Crowdsourcing is a hugely popular way of gathering ideas. But how do you cut through the noise to find the one innovative idea your company needs? On this episode of the FRICTION podcast, Stanford Professor Bob Sutton is joined by INSEAD assistant professor and Stanford Engineering alumnus Henning Piezunka to debunk crowdsourcing myths and talk about the importance of saving time and energy. Be on the lookout for these takeaways:
- Quantity of ideas is not an indicator of creativity. You don’t need 100 good ideas – you need one good idea.
- Come together around a common goal to achieve success.
- Get comfortable with rejecting ideas – saying “no” is better than saying nothing at all.
Bob Sutton: Hi, I’m Bob Sutton. I’m an organizational psychologist and Stanford professor. And this is the FRICTION podcast. On today’s episode, we’re joined by Henning Piezunka. Henning is an assistant professor at INSEAD in France and and alumni of Stanford’s Department of Management Science and Engineering. Henning is a prolific and very sharp researcher. We invited him to the podcast because his research challenges the way many of us think about brainstorming, and shows how fewer ideas can actually help organizations focus to go faster and to go farther. When you think of friction, organizational friction, what words come to mind, how would you define it?
Henning Piezunka: The first word which comes to mind is organizational waste.
Henning: Right, how much time and effort, kind of, people in organizations devote to things that doesn’t help them or the organization in any way. So one example of organizational waste that I’ve observed is that sometimes you have these cat fights within organizations
Henning: Right, so, sometimes this can be healthy competition but it can actually turn into conflict, where people start sabotaging each other, hindering one another and hindering the organization.
Bob: So, let’s talk about organizational waste and, do you wanna talk about your Formula One paper? That’s like a fascinating paper!
Henning: So, the paper basically tries to examine why do you sometimes see these collisions? And at first sight you might think of these collisions between Formula One drivers, right, when two Formula One cars hit one another, simply as some kind of random event, or as an accident or twos are just kind of very close in space. And we had a hunch, that there might actually be some systematic behind those patterns. And the hunch we had, built on a book by the late Roger Gould, a Chicago sociologist. And the idea was that you have two actors which are status ambiguous. So it’s unclear who of the two has higher status.
Henning: And that’s a very uncomfortable state to be in, right?
Bob: Sort of like you got two cats fighting for dominance.
Henning: Right, I like your cat analogy. The favorite analogy we use is people running to the same bathroom. So if you actually have, you see, if I and the dean run to the same bathroom, it’s very clear who’s gonna defer to whom, right? I let the dean go to the bathroom first. However, if the status is a little bit unclear, right? Me and another assistant professor running to the same bathroom, we might just collide, right?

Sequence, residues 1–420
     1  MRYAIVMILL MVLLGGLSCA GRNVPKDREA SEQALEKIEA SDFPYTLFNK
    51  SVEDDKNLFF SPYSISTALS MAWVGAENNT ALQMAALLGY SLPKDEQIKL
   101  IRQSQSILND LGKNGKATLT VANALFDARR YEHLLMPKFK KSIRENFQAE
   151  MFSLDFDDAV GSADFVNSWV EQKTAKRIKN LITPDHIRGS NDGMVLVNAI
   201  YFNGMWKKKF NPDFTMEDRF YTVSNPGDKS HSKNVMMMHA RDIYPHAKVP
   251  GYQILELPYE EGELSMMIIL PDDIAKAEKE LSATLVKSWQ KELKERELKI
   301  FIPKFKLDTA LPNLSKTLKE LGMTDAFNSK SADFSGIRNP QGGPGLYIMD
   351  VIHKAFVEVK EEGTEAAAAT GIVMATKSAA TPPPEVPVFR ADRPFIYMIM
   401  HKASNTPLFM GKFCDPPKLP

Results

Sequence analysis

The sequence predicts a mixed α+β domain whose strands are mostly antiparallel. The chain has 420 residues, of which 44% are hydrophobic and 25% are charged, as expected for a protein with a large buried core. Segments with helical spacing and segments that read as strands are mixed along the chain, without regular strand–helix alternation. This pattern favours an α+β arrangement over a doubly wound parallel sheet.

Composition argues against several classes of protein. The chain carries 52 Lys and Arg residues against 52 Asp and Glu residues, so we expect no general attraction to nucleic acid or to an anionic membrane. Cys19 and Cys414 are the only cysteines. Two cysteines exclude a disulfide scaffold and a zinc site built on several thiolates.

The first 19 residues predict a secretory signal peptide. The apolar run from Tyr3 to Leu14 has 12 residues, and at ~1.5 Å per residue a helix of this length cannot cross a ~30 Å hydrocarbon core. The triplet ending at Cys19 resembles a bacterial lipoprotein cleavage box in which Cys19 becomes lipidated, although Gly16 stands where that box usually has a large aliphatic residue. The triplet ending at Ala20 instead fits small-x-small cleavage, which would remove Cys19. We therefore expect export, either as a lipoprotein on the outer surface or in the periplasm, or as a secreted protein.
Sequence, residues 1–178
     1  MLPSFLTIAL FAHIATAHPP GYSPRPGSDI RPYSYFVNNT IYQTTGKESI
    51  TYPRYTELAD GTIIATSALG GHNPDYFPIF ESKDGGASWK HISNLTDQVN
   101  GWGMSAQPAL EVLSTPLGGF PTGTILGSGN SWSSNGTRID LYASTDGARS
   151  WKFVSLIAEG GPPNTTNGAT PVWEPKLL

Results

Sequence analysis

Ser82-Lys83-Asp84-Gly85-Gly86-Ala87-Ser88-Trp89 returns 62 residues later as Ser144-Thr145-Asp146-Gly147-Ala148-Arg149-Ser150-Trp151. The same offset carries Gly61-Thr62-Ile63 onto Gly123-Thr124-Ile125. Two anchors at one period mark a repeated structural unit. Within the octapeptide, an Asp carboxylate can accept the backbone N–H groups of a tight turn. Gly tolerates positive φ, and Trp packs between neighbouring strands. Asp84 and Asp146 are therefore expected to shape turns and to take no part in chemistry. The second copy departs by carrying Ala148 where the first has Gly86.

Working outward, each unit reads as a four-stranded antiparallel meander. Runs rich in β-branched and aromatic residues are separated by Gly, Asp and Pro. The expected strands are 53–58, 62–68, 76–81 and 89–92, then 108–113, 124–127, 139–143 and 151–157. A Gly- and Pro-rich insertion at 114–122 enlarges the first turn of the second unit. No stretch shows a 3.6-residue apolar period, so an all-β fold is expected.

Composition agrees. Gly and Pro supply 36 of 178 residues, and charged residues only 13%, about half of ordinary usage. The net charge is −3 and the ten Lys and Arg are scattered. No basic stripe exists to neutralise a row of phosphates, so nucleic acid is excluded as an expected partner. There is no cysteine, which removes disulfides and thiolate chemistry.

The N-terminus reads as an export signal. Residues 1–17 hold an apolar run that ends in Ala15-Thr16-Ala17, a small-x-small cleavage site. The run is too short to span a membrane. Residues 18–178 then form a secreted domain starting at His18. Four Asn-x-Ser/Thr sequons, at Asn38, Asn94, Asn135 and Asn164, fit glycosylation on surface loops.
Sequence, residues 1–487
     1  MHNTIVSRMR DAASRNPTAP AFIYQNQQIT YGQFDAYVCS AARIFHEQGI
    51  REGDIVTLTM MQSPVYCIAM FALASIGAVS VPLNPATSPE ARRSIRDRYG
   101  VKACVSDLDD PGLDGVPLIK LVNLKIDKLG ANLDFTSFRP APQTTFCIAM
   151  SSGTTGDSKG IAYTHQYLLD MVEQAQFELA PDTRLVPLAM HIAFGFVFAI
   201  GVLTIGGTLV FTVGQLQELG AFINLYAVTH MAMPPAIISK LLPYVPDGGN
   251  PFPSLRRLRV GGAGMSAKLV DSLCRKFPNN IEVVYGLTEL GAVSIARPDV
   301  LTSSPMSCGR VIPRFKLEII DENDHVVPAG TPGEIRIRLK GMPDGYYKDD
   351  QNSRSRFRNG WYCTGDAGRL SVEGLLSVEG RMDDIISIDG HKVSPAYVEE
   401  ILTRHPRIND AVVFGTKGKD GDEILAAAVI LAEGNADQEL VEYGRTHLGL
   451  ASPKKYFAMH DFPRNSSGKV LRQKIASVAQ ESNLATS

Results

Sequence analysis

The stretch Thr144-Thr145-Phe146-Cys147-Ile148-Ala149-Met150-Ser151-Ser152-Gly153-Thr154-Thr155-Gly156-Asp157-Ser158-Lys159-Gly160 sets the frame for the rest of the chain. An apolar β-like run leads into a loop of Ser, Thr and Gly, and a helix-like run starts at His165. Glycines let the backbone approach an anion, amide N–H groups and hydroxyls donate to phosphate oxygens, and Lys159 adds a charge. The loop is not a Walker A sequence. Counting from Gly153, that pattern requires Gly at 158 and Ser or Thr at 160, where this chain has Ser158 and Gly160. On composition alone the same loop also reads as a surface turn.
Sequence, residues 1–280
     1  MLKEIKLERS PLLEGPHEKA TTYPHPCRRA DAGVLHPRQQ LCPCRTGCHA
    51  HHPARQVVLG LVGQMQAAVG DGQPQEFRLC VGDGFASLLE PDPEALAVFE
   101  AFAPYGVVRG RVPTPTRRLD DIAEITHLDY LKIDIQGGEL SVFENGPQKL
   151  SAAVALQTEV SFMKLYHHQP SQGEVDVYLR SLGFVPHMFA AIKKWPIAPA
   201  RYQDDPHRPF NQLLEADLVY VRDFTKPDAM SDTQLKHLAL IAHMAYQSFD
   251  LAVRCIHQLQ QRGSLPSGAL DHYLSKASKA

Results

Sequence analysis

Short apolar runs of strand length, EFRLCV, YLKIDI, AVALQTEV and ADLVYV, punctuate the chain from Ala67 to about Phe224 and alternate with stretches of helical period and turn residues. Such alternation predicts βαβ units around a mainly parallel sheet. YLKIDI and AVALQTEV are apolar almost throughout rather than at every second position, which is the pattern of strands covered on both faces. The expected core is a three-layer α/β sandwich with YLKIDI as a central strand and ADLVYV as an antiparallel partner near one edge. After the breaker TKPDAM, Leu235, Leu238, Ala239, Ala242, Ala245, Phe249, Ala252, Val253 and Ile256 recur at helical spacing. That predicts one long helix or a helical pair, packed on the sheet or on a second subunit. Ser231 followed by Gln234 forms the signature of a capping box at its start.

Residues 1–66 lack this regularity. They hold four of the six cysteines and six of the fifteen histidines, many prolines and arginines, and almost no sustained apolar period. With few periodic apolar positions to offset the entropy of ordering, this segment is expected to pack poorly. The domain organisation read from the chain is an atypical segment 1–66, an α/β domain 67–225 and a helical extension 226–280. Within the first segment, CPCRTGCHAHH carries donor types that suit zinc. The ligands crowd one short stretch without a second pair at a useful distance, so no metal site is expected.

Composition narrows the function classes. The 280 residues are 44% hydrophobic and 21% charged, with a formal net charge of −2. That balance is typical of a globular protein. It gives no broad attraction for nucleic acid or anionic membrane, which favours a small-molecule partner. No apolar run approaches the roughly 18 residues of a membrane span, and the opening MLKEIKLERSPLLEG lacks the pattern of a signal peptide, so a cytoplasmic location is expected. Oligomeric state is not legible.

Bob: So you looked at collisions that were bad enough that people couldn’t finish, right? These weren’t just little bumps.
Henning: So we only looked at race-ending collisions. The criterion we used was, that at least one car of the two involved in the collision, does not finish the race. So this must have a sufficient power, where it’s actually dangerous for the people and the material involved. So what we found is, if two drivers are status ambiguous, or they are structural equivalent, that means they have beaten the same kind of people and they have been beaten by the same kind of people, then they have a higher tendency to collide with one another. So these drivers, you can actually isolate and see they are more likely to collide with one another.
Bob: So you can kind of see why they do it, but it’s bad for everybody involved, right? Everybody suffers.
Henning: It’s bad for the two drivers; it’s bad for everyone involved. It’s horrible for the health of the drivers, material gets destroyed. Yeah, thinking about organizational waste, there you have it.
Bob: In this situation it honestly seems especially stupid I mean it’s really clearly stupid, because you’re destroying hundreds of thousands of dollars worth of equipment; you’re getting rid of the opportunity to get an incentive for winning. You could lose your sponsor. Why do they do it anyway?
Henning: Well you see actually, I think the drivers in that moment are incredibly involved, and it really bothers them, it really bothers them to give in to somebody where the status is already not clear and where they’re competing for status. You just don’t want to give in in such a situation.
Bob: So you just smash into him and you just can’t help yourself.